I have a problem that it gives us the MTOW of a UAV (200 kg), the speed and the reference area. So its probably easy to find the CL knowing that it flights at steady level flight (L = W). I'm confused about the use of MTOW. Should we multiply it by the g? (gravity acceleration)

I've done some exercises in the past using lbs as the unit of MTOW and we didnt multiply it with the g. (John Anderson. Aicraft performance and design) Is it different when using lbs and kgs? I'm confused with the different metric/imperial systems.

  • 1
    $\begingroup$ I feel you are confused about basic physics (difference between mass and force) rather than SI vs. Imperial units. If your question asks for the CL while the craft flies at that MTOW (a simple approximation), and you can assume some standard air density, then this is an elementary algebra question where you only need to solve the lift equation to obtain the CL. Or it may be a poorly written question that needs you to make some extra assumptions to solve it. $\endgroup$ May 11, 2020 at 12:08
  • $\begingroup$ I do understand what you are saying. But I'm a little confused about the use of MTOW. I've seen Anderson uses the equation CL = (2*W) / rhoSV^2 and the W is at lbs. In my case I've got a MTOW of 200kg. Can I use it as 200kg to calculate the CL? $\endgroup$
    – ChrisP
    May 11, 2020 at 12:16

2 Answers 2


For every equation the left and right side should have the the same units. For example:

$$ Speed = \frac{distance \:[m]}{time \: [s]}$$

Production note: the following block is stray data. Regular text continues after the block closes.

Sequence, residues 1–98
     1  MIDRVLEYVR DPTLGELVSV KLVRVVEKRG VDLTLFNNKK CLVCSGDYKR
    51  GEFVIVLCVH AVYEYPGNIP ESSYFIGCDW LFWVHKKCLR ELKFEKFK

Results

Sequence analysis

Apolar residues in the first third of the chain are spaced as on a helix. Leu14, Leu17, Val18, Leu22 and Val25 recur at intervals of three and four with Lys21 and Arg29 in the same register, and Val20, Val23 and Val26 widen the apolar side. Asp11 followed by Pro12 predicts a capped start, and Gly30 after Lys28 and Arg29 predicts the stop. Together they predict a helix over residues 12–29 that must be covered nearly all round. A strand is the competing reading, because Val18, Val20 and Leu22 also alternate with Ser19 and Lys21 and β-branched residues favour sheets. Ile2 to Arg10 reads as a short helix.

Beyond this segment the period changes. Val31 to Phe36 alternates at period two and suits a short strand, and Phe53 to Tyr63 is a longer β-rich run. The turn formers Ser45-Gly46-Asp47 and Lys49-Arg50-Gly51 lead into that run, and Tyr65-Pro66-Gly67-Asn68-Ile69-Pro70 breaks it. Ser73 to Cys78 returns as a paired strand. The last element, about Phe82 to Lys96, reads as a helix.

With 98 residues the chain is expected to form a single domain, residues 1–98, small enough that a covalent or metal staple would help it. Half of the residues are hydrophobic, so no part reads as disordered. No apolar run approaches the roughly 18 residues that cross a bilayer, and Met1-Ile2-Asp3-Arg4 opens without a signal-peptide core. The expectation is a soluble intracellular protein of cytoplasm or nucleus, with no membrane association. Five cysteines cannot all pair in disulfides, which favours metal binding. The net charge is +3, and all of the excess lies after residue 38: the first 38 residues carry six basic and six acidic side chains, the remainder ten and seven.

Or in units:

$$[\frac{m}{s}] = \frac{[m]}{[s]} $$

The same so with the lift equation:

$$L = C_L \cdot \frac{1}{2} \rho V^2 S$$

With units:

$$L [N] = C_L [-] \cdot \frac{1}{2} \: \rho \: \left[ \frac{kg}{m^3} \right] V\left[\frac{m}{s} \right]^2 S [m²]$$

Units only: $$\require{cancel} [N] = [-] \cdot \left[ \frac{kg}{m^3} \right] \: \left[\frac{m^2}{s^2} \right][ {m^2}] $$ Simplifying: $$\require{cancel} [N] = \left[ \frac{kg}{{\cancel{m^3}}} \right] \: \left[\frac{m^\cancel{2}}{s^2} \right][\cancel{ {m^2}}] = \frac{[kg][m]}{[s^2]}$$

Which is correct, link to Wikipedia.

So if you want to use the equation:

$$ L = W $$

Both have to be in $[N]$. You have two options, either have it given to you in Newton, or convert a weight (in $[kg]$) to $[N]$ by using the gravitational acceleration g (in unit $[\frac{m}{s^2}]$ )

I think that the confusion stems from the fact that the unit pound is used in two ways.

  1. for weight called pound (mass) $$1 [lb] = 0.45359237 [kg]$$
  2. for force called pound (force)
    $$1 [\mathbf{lbf}] = 1 [lb] \cdot g = 4.44 [N] $$

So if somebody is unspecific and asks what the lift is needed to carry 400 pounds, we don't know if it's way 1. or 2.


For any kind of applied math that you do, the units have to be self-consistent.

For example, we know that gravitational force is:


If you want $W$ in lb [force], and provided that $g$ is given in 32.2 ft/s2, then $m$ has to be provided in slug. If you use kg, then you have to first convert it to slug.

Units can also cancel. Units cancel out when the unit is divided by the same unit.

For example, $\frac{1ft}{1ft}=1$; but if I have in on the denominator, then $\frac{1ft}{1in}=12$, because there are 12 inches in 1 ft.

Back to the lift coefficient, which is unitless. Assuming lift is equal to weight, then

$$C_L=\frac{2W}{\rho V S^2}$$

If $W$ is in lb, then a self consistent set of units would be: $[\rho]=slug/ft^3$, $[V]=ft/s$, $[S]=ft^2$, noting that the definition of $lb=slug*ft/s^2$.

If you have a mass in kg, then an obvious derivation of weight would be to Newton, which is kg*m/s2. So you may have: $[W]=kg*m/s^2$, $[V]=m/s$, $[\rho]=kg/m^3$, $[S]=m^2$.


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